Mud volcanoes aren’t yet well understood by geologists, but there are an estimated 700 of them around the world. These strange formations are usually found along fault lines and at weak points in the Earth’s crust. Most mud volcanoes are associated with the presence of organic gas from hydrocarbon deposits and young sedimentary deposits. These volcanoes do erupt on occasion, and it’s unlike anything else you’ve ever seen. Sometimes, a giant mud bubble full of methane gas erupts, but other times, the gas ignites and creates a fiery explosion. It’s best not to get too close to these natural formations.
The Lake Natron
Located in Tanzania, The Lake Natron is one of the most unusual natural events on this list. Known by locals as “Deadly Lake,” this body of water is extremely caustic (alkaline) due to its proximity to a volcano. This beautiful but deadly red lake will poison and kill any living creature that comes into contact with it, and carcasses of animals who met their demise at the hands of this lake can be found in and around the body of water. You can visit the lake to admire its uniqueness, but you definitely don’t want to get too close!
This mystical display of the beauty of nature occurs all over the world, but only during ideal conditions. Light pillars, sometimes known as solar pillar or sun pillars happen in areas with a natural cold climate. When temperatures get very low and the air is filled with ice crystals, light reflects and refracts off those crystals to create this beautiful event. Light pillars are most often seen during the earliest part of the morning when the sun is barely visible.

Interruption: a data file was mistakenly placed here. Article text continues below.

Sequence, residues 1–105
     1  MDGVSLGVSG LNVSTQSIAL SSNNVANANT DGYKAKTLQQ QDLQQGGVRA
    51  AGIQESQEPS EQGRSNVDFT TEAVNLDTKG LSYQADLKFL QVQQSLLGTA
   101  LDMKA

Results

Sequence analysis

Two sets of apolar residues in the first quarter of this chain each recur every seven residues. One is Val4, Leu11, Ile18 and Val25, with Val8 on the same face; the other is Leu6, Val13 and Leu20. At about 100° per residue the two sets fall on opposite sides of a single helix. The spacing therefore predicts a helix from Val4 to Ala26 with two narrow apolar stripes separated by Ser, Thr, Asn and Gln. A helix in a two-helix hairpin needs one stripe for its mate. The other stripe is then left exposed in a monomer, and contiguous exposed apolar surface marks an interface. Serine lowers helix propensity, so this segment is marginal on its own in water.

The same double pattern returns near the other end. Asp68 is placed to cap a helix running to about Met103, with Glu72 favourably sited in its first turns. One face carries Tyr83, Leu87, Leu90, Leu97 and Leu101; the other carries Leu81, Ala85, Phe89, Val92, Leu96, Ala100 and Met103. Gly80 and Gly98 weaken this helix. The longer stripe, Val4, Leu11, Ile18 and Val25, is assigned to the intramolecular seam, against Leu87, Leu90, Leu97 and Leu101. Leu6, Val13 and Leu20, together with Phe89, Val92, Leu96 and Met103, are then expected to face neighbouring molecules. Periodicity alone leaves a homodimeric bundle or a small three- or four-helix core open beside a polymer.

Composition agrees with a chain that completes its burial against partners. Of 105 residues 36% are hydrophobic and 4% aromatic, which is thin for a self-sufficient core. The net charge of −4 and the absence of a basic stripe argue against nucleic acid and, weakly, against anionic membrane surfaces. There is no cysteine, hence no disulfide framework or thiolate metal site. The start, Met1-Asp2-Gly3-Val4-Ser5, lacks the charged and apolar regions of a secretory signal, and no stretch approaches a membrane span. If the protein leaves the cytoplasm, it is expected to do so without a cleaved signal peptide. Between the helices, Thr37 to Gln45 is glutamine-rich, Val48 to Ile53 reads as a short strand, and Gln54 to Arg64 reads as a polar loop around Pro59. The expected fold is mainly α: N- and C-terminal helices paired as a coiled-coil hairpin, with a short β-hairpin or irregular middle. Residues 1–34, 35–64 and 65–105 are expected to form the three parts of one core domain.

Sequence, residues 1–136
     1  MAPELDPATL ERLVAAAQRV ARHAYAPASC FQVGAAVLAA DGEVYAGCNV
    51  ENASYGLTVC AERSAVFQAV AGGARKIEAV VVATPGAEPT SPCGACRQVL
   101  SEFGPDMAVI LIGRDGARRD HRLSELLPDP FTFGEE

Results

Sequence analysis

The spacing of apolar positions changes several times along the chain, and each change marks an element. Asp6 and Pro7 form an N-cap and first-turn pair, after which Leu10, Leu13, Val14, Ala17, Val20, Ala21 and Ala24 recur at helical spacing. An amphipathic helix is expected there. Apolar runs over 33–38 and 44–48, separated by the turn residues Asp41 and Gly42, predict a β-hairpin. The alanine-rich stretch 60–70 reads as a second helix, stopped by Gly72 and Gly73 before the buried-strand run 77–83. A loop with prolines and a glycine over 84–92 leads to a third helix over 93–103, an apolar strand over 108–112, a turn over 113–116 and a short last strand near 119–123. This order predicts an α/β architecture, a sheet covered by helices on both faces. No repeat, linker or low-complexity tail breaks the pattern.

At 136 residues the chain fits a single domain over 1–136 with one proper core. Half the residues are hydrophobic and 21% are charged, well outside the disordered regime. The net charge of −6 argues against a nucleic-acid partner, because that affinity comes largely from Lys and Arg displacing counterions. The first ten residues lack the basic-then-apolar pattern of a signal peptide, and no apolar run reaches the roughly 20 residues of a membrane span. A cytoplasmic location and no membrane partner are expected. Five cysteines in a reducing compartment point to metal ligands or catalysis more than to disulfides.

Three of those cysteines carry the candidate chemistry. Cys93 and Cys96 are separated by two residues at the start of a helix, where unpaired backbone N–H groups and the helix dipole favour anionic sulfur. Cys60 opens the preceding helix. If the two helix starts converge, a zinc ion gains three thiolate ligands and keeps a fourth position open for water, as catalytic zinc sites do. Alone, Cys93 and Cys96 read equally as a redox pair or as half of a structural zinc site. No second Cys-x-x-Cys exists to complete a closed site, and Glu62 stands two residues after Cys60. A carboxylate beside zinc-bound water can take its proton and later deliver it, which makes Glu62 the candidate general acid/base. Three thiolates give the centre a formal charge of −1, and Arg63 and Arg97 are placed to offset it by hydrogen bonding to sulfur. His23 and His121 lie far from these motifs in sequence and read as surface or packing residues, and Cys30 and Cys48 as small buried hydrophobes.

We know this picture looks like something out of a science fiction movie, but don’t panic! What you’re looking at isn’t a cleverly disguised UFO about to land on that mountaintop. It’s actually a cloud formation known as lenticular clouds. While rare, these cloud formations happen all over the world. Lenticular clouds form when there is extreme instability in the lowest layer of Earth’s atmosphere. Moist winds blow over mountains, and when the wind gets caught among the peaks, it starts going in perpendicular directions, which creates these awe-inspiring cloud formations. The sight of these clouds can be pretty scary, especially if you don’t know what caused them, but they’re a normal if somewhat unusual, natural occurrence.
A tornado over water sounds like a recipe for disaster, but waterspouts are actually a type of cloud. Mainly found in tropical and subtropical climates, waterspouts are a gorgeous example of what happens when the perfect weather conditions align. When cold air moves over the warm water, it creates this swirling formation. They often dissipate quickly and generally don’t exceed a speed of 15 knots. It’s not unusual to see one of these in person, but you don’t need to panic and run off the beach. Just wait twenty minutes or so for it to go away before you get in the water.